Technology may enable carriers to better meet ESG goals, but there's only so much it can do

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Updated May 20, 2022
Truck emits exhaust
Technology is enabling trucking companies to reduce emissions but not on a grand scale.
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Cummins North America has implemented its Planet 2050 initiative that includes multiple targets to reach by 2030 in reducing its Co2 footprint with a goal of carbon neutrality by 2050. Many other companies, like Walmart for example with its aim for zero emissions by 2040, have implemented sustainability goals.

And trucking companies are stuck in between – from a Cummins engine in a truck to dropping a load at a Walmart dock – having to find ways to reduce emissions while being part of the largest single source of greenhouse gases generated in the U.S.: transportation, representing 29% of total emissions.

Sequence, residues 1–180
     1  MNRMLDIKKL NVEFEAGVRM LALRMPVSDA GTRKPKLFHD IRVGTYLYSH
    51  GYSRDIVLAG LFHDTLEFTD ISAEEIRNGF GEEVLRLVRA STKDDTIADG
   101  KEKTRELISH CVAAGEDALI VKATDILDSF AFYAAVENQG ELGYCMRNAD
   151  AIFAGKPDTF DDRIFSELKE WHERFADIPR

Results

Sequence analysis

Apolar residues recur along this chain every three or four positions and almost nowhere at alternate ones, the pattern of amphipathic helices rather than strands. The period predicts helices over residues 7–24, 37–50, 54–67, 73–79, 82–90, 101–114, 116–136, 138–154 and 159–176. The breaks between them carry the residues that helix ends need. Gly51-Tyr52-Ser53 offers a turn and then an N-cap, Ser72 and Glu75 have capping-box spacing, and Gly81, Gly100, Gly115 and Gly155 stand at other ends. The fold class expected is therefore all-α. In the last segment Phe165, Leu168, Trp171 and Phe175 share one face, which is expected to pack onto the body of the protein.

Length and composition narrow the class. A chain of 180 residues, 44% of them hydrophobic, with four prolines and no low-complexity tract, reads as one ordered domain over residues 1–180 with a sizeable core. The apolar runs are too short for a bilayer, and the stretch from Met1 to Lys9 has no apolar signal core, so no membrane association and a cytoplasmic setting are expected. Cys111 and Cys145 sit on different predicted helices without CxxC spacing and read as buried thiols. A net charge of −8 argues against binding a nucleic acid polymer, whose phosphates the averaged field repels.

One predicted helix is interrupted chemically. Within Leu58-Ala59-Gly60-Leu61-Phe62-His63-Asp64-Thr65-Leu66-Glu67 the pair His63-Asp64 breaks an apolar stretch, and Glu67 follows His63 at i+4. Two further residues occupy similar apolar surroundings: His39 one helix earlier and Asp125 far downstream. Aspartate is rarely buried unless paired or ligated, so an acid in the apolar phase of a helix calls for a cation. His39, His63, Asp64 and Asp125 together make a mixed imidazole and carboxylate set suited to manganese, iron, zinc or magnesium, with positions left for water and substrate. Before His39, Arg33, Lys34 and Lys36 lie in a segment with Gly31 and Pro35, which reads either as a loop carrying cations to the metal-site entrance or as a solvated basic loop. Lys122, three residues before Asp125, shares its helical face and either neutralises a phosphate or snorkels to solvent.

Steve Hueser, transportation director at Cummins North America, which specializes in diesel and alternative fuel engines, said any efforts trucking companies make toward reducing their emissions will give them a competitive advantage.

“Electric, natural gas, hydrogen, it's definitely going to be the wave of the future. As with anything, we will measure that performance. We have targets specific to transportation operations to reduce the Co2 footprint that we use, and so … understanding what different types of power vehicles you have in your portfolio to help us reach our targets for 2030 is important,” Hueser said during a panel at the recent TCA Truckload event in Las Vegas. “I think the ESG-type carriers will be a competitive advantage as we have global targets that we're trying to hit as a business. So I think sustainability is a differentiator, especially in certain lanes.”

Technology that helps with things like driver coaching and route optimization to reduce emissions from fuel use has enabled trucking companies to better meet their ESG goals, but there’s only so much software can do.

Trucking companies have been investing in software technology to help reduce their emissions, and there are many options on the market.